GM BOD: Bankruptcy IS An Option
While steering the artist formerly known as the world’s largest automaker into career suicide, GM CEO Rick Wagoner has steadfastly maintained that “bankruptcy is not an option.” As many members of TTAC’s Best and Brightest have pointed out, that kind of stonewalling A) Is insane and B) reveals guarantees a class action lawsuit against GM’s Board of Bystanders. The Wall Street Journal reports that the Board has released a statement which illustrates their feeble-mindedness, managerial paralysis, blantant cowardice and compelling desire not to end up folding shirts at a federal prison farm. “GM said the board had discussed bankruptcy but didn’t view it as a ‘viable solution to the company’s liquidity problems.’ The board “is committed to considering all options in light of circumstances as they may develop.” In other words, NO BANKRUPTCY. Unless there is. Meanwhile, the Journal hints at disagreements between Board members and Wagoner, the company’s CEO AND Chairman.
In reality, GM’s Board of Bystanders have singularly failed to exercise proper oversight over GM’s management. They should have pulled the plug on Wagoner back in February 2005, after the CEO pissed-away another $2b on a FIAT deal that should never have happened in the first place. Or soon thereafter, when it became abundently clear that Wagoner was selling assets and draining foreign funds to pretty-up GM NA’s redink soaked ledger.
The chief culprit in this do-nothing disaster: lead director George Fisher. How the retired chairman of Eastman Kodak Co., the man in charge of another industrial giant that took a heroic dirt nap, came to control GM is another story. Suffice it to say, several times in recent years, George has voiced his support for Mr. Wagoner, even as the automaker descended into disaster and, wait for it, insolvency.
Sherman Lin on Nov 23, 2008
Wolven "As a business owner, I have the RIGHT to decide who I will hire, who I will fire and DICTATE the terms of employment at MY COMPANY" And if the workers vote in a union you are stuck with them. Like it of not GM's workers have voted in a union and thats that.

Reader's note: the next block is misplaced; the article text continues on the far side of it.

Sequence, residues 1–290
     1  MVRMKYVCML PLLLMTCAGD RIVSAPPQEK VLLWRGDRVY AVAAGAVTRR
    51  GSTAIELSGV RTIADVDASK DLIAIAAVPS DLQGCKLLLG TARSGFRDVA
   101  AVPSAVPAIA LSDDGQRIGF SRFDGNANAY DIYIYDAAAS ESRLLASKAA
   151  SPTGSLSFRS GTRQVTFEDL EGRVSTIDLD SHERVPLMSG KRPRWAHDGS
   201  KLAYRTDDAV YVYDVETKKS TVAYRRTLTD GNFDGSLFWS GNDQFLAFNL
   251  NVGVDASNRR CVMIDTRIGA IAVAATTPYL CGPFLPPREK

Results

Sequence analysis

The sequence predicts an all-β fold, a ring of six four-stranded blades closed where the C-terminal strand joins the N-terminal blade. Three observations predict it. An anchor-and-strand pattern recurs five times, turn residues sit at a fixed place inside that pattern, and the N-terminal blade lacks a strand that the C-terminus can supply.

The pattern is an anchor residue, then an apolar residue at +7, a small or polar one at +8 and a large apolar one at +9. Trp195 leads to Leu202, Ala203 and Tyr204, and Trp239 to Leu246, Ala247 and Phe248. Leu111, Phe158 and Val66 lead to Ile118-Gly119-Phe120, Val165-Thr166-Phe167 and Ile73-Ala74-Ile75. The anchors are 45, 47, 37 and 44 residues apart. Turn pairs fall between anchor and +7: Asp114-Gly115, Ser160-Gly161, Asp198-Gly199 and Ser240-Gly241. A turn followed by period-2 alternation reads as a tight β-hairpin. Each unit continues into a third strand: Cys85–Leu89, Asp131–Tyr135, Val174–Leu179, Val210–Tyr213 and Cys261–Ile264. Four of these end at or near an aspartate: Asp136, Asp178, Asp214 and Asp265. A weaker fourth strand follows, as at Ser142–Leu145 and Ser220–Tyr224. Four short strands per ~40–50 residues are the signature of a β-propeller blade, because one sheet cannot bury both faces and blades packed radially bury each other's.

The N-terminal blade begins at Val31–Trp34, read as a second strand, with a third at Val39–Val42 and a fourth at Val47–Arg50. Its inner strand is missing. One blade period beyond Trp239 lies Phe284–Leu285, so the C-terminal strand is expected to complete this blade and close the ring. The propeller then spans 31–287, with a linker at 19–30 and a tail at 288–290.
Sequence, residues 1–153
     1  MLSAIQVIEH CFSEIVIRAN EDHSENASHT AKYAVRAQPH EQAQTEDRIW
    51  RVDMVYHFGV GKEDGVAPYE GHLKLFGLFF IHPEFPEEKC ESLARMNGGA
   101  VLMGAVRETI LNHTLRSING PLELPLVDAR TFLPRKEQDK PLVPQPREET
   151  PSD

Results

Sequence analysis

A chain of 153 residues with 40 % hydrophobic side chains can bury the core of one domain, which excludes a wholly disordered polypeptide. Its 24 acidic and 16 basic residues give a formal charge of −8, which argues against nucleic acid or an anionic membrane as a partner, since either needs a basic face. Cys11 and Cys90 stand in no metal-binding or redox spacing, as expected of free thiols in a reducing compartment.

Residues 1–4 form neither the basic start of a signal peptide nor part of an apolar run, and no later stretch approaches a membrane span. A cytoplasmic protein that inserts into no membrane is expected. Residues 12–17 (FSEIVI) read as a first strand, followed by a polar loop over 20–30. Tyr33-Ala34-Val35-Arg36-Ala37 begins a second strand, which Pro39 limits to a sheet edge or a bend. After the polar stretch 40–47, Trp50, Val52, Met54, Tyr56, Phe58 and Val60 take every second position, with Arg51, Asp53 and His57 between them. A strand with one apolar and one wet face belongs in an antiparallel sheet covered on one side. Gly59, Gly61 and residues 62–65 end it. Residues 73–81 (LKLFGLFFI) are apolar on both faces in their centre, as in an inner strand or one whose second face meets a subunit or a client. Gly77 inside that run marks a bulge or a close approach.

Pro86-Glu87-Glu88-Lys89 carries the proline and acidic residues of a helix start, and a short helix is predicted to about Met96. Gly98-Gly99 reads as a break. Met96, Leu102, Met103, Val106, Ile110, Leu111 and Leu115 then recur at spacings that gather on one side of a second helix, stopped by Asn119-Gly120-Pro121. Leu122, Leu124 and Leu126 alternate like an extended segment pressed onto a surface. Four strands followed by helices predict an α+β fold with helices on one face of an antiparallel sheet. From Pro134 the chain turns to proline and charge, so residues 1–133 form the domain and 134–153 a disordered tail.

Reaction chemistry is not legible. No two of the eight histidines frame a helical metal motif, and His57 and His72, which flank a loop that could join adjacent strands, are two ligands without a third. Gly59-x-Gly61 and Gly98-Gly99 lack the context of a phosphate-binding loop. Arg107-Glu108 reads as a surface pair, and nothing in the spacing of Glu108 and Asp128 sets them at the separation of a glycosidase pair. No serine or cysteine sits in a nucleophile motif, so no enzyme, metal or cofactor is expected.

Tmclaughlin on Jun 19, 2009
The GMC truck division should not continue as a part of GM. GM and the US government have one chance to get the reinvention of the new GM right and avoid continued government and taxpayer support. Domestic and import full-size truck and SUV sales are declining with fuel economy concerns, so manufacturing two of the same brand is not a profitable long-term business model. Chevrolet and GMC trucks and SUVs are essentially the same vehicles. Chevrolet models cost less, have equal or better quality and fuel economy, and outsell GMC models more than three to one. Toyota and other imports don't manufacture two of the same full-size vehicles under different brand names; it does not make sense, economically, for GM to continue producing both GMC and Chevrolet. Advocates who hope to keep GMC as the auto industry changes to more fuel-efficient models want to continue a business strategy that will ultimately be as unprofitable as the now defunct brands of Hummer, Pontiac, Oldsmobile, Saturn, and Saab. Follow the import business model, eliminate GMC now, and save the costs associated with the extra GMC manufacturing processes and distribution channels, which will not be part of a long-term solution. The new GM will be more profitable going forward without GMC if Chevrolet produces and sells all of GM's full-size trucks and SUVs. GM won't need government and taxpayer support again if GMC is eliminated now.
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